As I wrote yesterday, my goals as written have not been going as planned. That requires some rethinking. And it isn’t just rethinking the goals, it’s rethinking where I’m at and what I’m doing. I was looking through my books today seeking goals that are a little more specific and will help me make these changes in my life. What I found was that I want to skip ahead. I want to say, “Yeah, self acceptance is cool and I’ll get to that after I make all these changes and lose weight.”

You know what that is? That’s diet thinking.

What’s wrong with dieting? Well, dieting is part of what got me here. Starve then binge. Trying to follow someone else’s rules. Learning not to listen to my body. Hating myself for not being able to stick to diets. Seeing myself as weak. Flawed. Bad. Generalizing that thinking to believe that not only am I a failure for not following diets and losing and keeping off weight, but that I’m a failure as a person. Diets don’t work. They seem to work because I can lose weight on them – but they aren’t real life. Diets end. Starting a new diet, I always am looking at the end when I can go back to eating whatever I like.

Some call it a lifestyle change. My lap-band program does that. But that program is still just a diet, regulating what you eat and when. And ultimately, although I had been really successful, it wasn’t something I could stick with. At the time, it didn’t seem that hard – but like any diet, there were “good” and “bad” foods and you need to weigh and measure everything and calorie expectations were around 800 calories. We were advised never to veer off the eating plan. If you ate even that one bite of the dessert you craved, you wouldn’t be able to stop. And that’s probably true, but not for the reasons we were told. In my view, it was just the same as any diet – go off the diet and it’s damn hard to get back on. It’s out of balance.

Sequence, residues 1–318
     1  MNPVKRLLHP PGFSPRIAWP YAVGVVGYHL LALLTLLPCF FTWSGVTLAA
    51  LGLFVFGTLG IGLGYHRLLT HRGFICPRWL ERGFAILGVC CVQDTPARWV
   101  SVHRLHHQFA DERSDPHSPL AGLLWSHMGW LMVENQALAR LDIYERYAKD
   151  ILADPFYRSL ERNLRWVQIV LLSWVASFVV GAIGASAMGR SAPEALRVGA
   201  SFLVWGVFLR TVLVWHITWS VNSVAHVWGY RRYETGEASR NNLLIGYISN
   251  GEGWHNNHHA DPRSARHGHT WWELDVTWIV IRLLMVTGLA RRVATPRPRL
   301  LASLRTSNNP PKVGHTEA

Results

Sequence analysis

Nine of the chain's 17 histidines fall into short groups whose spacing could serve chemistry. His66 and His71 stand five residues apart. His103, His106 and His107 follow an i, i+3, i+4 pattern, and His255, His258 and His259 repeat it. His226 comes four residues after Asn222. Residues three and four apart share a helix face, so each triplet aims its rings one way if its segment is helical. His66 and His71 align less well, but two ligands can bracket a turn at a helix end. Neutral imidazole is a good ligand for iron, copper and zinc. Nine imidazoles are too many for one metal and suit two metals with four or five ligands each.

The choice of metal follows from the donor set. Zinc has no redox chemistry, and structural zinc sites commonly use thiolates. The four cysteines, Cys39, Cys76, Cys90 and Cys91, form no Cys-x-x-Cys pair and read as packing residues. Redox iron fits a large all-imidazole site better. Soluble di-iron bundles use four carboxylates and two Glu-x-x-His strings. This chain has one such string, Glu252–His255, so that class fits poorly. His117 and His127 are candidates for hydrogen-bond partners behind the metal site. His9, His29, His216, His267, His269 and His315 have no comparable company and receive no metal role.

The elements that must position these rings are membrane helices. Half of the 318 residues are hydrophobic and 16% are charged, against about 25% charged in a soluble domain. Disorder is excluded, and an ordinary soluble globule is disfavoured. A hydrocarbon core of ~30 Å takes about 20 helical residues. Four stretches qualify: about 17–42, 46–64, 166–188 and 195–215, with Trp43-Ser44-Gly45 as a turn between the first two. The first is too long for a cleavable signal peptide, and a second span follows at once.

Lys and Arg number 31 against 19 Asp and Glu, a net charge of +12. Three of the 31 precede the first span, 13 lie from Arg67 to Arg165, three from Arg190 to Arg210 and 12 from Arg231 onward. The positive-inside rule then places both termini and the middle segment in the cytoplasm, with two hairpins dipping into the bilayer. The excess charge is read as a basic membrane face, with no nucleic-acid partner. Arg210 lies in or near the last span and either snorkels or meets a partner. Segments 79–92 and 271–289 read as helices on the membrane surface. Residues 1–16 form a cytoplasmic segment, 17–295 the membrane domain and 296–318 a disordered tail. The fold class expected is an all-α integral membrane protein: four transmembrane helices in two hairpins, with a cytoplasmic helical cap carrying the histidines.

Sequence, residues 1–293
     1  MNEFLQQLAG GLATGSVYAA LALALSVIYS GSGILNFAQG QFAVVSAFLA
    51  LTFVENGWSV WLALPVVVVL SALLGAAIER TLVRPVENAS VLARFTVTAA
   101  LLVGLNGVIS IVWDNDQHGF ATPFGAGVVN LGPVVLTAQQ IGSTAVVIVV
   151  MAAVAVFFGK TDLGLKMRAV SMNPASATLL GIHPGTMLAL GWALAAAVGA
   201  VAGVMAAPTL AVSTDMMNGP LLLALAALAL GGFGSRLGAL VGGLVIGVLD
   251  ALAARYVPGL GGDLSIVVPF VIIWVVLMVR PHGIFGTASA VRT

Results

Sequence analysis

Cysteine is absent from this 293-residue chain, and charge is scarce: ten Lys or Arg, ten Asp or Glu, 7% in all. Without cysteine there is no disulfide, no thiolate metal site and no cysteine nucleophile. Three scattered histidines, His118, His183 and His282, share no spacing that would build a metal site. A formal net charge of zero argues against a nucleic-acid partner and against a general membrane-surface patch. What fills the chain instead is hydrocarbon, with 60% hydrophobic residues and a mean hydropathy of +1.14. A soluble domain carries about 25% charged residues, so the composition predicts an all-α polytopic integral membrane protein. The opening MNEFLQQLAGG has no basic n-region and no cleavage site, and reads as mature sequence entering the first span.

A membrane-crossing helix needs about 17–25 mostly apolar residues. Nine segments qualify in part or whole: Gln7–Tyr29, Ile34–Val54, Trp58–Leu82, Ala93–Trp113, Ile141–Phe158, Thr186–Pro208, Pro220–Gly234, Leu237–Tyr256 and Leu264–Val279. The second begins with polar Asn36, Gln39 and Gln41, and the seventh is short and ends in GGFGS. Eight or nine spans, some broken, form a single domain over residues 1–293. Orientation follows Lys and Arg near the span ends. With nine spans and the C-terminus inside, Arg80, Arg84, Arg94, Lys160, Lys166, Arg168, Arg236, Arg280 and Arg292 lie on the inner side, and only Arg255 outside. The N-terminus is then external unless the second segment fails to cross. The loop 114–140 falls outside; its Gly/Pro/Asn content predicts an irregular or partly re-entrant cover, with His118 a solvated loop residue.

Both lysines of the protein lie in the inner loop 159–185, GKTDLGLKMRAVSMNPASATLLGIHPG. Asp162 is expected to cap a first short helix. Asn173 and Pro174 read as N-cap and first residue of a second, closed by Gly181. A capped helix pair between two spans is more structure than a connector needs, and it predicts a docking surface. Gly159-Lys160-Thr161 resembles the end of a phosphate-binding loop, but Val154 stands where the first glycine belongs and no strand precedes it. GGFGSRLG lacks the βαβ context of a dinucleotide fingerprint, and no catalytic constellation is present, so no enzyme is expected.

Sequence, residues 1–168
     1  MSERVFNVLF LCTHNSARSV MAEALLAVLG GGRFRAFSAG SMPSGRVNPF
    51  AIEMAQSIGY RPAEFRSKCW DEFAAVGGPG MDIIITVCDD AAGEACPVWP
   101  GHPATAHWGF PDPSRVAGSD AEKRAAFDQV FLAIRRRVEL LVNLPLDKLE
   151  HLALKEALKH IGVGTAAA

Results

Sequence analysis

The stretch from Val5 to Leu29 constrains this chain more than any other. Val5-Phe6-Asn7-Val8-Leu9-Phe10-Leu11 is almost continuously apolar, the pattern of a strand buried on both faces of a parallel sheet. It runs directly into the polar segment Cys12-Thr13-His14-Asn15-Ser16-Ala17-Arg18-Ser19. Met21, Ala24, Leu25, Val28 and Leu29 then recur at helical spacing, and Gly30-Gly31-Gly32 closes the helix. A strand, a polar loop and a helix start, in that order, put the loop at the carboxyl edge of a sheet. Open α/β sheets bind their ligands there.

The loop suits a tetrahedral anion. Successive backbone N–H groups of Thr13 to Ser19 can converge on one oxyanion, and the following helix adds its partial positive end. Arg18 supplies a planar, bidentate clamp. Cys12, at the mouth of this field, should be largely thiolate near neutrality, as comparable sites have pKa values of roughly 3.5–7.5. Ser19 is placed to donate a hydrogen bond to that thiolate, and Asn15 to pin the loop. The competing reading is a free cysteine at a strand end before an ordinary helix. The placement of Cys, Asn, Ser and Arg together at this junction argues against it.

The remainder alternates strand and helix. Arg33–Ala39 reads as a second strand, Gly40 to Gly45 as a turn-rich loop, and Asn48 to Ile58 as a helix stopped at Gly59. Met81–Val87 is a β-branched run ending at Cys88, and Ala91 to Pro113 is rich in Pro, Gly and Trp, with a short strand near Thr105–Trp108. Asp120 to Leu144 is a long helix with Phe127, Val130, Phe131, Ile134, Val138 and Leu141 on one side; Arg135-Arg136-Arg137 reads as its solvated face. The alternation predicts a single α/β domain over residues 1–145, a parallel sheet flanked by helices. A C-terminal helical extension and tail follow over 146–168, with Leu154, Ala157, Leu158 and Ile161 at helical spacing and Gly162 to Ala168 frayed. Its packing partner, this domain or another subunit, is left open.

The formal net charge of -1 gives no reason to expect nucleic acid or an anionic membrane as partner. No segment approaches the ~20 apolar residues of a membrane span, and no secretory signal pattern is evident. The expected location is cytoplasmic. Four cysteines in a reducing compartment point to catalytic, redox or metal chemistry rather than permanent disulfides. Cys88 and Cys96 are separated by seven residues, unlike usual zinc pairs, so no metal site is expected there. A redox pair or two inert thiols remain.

Ah, but it’s tempting. The new trendy diet, the fast solution, the promises that this one is different. It sounds so easy to have someone else tell you what to eat and how much and when. And even the Overcoming Overeating guidelines can become a diet.


On this very common diet, you set up the Overcoming Overeating guidelines as rules which you believe you “must” follow. When you don’t, you feel like a failure. The Overcoming Overeating “diet” sounds something like this: “I am going to eat only from stomach hunger,” “I’m not ready to get rid of my scale or my small clothes, so obviously I’m not doing this right,” or “I should be looking at myself in the mirror, but I hate what I see.” As we’ve said in previous columns, the process of nondieting is so profoundly different than anything you have done before that it is difficult to comprehend that although the guidelines are firm, the path towards ending body hatred and dieting is unique for each individual. The process of nondieting is a quintessentially human process and therefore has nothing to do with achieving a state of perfection.


So what am I going to do? Slow down. Go back to the beginning. Read. Think. Stop trying to approach this as something I can do perfectly in a few weeks. The key is, like always, keep moving forward.

For now, I’m going to continue working on my goals of decreasing distractions. I may try to eat without distractions, or with less distractions, for dinner only for a while. I think I need to get comfortable with it – right now, it drives me nuts to not be doing something else while eating. And why? Maybe I need to find that out.